Those in the Twitter-verse really enjoyed the Sauvignon Blanc.  From @WINEormous: “really love the nose on the 2013 Casey Flat Ranch Sauvignon Blanc. Tons of peaches. Great price point - $18”  @martindredmond said,: “Loving the Casey Flat Ranch Sauvignon Blanc. Made with Musque clone. Aromatic, Crisp, refreshing!”  @Luscious_Lushes agreed.  “I love the Musque clone. It gives it such a roundness and floral quality that i love,” adding later,  “Ok madly in love with this SB. It has all of the juicy acidity but none of the bite. crisp granny smith apples. REFRESHING.”  @WineJulia tweeted,: “What a gorgeous tropical nose on the SavBlanc. Pineapple, limes, grapefruit!”  And @winethropology was similarly blown away.  “Seriously, this Sauv Blanc is insanely captivating. Wow.”

Those tweeting their thoughts on the 2012 Casey Flat Ranch Viognier commented quite favorably.  @WineUpdate: “Nice to have a Viognier w/out too heavy a texture. Well-balanced and elegant.”  @cliffordbrown3: “Viognier - peaches, ripe apples, baking spices, white flowers, orange zest, minerals and melon.”  @wineandgoodfood: “Love that the Viognier is aged in both neutral oak and stainless steel...gives it a nice texture!”  @WineJulia: “Casey Flat Ranch wines are mainly bone dry. Love this peachy, orange blossomy Viognier.”  @vinogger: “Love the texture & acidity on the Viognier and that its stainless & neutral oak well done”  @winethropology: “Viognier $20 Breaking my belief that NorCal viognier is a fool's errand. This has got guts and grace.”  @MsPullThatCork: “Viognier is delicately floral with stone fruit flavors. Yum!

On Twitter, the 2013 Casey Flat Ranch Rosé garnered some pink love.  @WINEormous: “Gorgeous pale rose color. Bone dry.”  @WineUpdate: “deeply stylish: Sweet cherry, cranberry, mineral, spice. Savory and giving.”   @Luscious_Lushes: “full of blood orange and rosehips. Juicy wild strawberry, hisbiscus zing. loving the spicy notes. Perfect for Thai.”  @cliffordbrown3: “strawberries, spice, cherries, minerals and orange blossoms.”  @MsPullThatCork: “made from 100% Syrah, no skin contact! All stainless. ‘Ballet slipper pink’ in color. Delicate berry flavors, juicy acidity. “  @BigNoseWino: “super strawberry spicy nose w/ nice acidity that slaps the back of your throat on the finish.”  @WineJulia: “made in a classic style & harvested for making rose'. No skin contact w/ gorgeous color!”

Tweeters who were tasting at home chimed in with lots of favorable notes on the Casey Flat Ranch Estate Red Blend.  @cliffordbrown3: “blackberries, dried herbs, cassis, minerals, cedar, tobacco and dried violets. I need a piece of juicy meat, hot off the grill to go with the CFR Estate Red.”  @Luscious_Lushes: “Red Wine blend, kitchen sink - deep, dark, brooding. Coffee -- 75% new French oak. Black cherry, blackberry notes - anise. ohh yes, Earl grey tea in there.”  @WineUpdate: “Spice cake, plum, blackberry-balsamic, peppercorn, black tea. Balanced oak. Excellent!”  @BigNoseWino: “big herbal, berry bomb nose w/ a savory mid palate & lightly acidic, tannin finish.”  @WineJulia: “$35 is an outstanding price for this red blend. It's lush and beautiful!”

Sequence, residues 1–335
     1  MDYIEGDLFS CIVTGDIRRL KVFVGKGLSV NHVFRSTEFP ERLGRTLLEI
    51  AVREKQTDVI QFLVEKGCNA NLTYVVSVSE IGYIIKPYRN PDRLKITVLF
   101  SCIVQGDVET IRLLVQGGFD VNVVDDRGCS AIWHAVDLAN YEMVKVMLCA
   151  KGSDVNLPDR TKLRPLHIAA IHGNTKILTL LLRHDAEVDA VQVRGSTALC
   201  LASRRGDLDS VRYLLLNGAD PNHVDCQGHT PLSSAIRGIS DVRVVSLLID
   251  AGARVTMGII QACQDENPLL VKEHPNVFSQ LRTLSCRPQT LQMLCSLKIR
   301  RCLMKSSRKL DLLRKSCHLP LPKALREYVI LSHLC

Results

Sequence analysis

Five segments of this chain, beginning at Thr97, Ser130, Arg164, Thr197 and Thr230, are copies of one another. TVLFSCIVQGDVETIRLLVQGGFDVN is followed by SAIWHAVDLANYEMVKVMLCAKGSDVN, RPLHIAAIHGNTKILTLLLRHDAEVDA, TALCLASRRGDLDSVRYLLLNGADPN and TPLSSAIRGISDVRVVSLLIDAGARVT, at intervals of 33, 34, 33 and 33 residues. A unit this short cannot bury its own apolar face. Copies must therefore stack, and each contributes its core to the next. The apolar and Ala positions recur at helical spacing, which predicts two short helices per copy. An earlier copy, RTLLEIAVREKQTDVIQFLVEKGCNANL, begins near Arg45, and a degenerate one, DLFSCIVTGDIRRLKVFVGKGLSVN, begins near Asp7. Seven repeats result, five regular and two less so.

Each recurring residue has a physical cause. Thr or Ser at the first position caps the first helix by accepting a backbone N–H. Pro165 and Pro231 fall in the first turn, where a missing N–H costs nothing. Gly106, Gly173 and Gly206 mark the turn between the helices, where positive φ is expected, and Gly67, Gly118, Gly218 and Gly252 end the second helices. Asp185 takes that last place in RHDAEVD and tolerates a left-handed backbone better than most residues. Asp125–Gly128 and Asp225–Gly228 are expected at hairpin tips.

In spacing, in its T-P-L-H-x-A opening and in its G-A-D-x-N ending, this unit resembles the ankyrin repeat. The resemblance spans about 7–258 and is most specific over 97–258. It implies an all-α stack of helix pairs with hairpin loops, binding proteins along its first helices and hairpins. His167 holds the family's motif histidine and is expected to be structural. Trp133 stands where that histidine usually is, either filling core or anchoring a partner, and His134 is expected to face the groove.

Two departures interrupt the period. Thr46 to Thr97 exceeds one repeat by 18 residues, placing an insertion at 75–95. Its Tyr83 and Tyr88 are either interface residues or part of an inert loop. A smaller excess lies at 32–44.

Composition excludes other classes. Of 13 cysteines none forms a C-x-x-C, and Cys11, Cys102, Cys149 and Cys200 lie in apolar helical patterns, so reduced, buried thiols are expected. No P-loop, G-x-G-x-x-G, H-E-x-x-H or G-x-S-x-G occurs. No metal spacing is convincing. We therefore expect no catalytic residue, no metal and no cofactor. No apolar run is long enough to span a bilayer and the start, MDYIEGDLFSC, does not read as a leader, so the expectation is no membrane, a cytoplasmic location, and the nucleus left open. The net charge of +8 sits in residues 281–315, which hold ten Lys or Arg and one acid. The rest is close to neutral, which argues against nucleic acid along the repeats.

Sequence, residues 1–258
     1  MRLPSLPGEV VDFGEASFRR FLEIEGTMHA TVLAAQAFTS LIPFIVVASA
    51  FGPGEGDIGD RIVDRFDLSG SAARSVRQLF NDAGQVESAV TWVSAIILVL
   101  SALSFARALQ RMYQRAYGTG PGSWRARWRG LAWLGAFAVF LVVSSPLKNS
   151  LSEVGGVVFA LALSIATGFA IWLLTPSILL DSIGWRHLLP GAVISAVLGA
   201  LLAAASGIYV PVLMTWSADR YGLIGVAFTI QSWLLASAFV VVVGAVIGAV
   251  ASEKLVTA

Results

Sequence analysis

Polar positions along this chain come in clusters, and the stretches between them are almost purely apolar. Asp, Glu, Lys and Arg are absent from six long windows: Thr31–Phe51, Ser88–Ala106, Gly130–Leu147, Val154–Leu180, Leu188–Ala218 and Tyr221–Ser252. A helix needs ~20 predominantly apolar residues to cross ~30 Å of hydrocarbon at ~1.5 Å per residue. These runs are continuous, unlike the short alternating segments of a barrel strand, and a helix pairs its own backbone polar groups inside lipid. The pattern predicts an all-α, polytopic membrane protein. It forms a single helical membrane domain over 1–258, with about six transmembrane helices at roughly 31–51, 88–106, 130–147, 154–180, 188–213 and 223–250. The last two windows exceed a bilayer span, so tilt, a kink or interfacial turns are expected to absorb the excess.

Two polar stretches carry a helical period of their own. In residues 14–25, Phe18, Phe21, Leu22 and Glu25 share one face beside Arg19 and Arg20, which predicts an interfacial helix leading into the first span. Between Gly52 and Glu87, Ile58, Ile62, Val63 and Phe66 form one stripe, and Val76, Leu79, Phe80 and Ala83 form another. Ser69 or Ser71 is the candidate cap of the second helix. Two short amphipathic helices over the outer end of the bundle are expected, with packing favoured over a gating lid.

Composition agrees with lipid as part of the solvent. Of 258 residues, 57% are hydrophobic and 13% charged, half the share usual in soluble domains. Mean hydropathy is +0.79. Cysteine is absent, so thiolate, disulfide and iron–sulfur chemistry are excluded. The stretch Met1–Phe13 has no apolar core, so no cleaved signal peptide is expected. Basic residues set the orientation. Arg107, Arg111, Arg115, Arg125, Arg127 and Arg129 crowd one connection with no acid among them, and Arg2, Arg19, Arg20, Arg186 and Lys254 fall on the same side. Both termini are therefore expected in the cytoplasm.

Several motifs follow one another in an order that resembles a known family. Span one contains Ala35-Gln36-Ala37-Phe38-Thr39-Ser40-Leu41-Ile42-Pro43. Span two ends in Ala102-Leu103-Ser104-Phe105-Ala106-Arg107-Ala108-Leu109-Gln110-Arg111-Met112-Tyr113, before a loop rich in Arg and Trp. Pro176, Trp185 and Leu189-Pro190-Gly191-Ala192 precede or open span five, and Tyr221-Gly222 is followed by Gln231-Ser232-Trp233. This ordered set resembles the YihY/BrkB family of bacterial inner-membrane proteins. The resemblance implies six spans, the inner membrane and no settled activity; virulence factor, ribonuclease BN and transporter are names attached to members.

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Wednesday, April 30, 2014

Virtual Wine Tasting: Casey Flat Ranch

Virtual wine tasting events are popping up more and more often on Twitter.  Maybe a virtual wine tasting event has been held on Facebook, but it probably spiralled into a gun control rant within ten comments.  Twitter is where one can usually find a virtual tasting event that stays on topic - for the most part.

This evening (Wednesday April 30, 2014) at 5:00 p.m. PT, the fine folks at San Francisco publicity house Charles Communication are set to host another virtual tasting event, this time featuring wines from Casey Flat Ranch, located in the mountains of California’s Capay Valley AVA in Yolo County - as opposed to YOLO county.

The vineyards of this historic longhorn cattle ranch are nestled 2,000 feet high in the Vaca mountains, overlooking the Capay Valley to the east and bordering Napa county to the west.  I am told that the high elevation produces terroir-driven  wines, “serious, elegant wines, packed with fresh fruit and stunning minerality.”  I can’t wait until we find out for ourselves.

Hosting the virtual tasting event will be Casey Flat Ranch Managing Partner Alison Garrett and winemaker Laura Barrett.  Four Casey Flat Ranch wines will be tasted and tweeted about:  the 2013 Sauvignon Blanc, the 2013 Syrah Rosé, the 2012 Viognier and the 2011 CFR Estate Red Blend.

If you are new to the virtual wine tasting scene, here’s how you do it.  First, sign into your Twitter account.  The tweets can be searched by hashtag - #CFRBrandLive - so be sure to use that when you jump in with comments.  If you can get a bottle of one or more of the wines, that’s great.  Even if you can’t, join in and learn a bit about Casey Flat Ranch and their wines.

You can also access the live stream of the event by using this link.  Once you click on the link, you’ll see a box on the right hand side that says ‘Questions from the Audience.’  Fill in your name and location and type up your comment or question, which will be viewed by all who are following along.

We’ll look for you in the hashtag.  You can use the rocking chairs, but please clean up your Twitter shavings.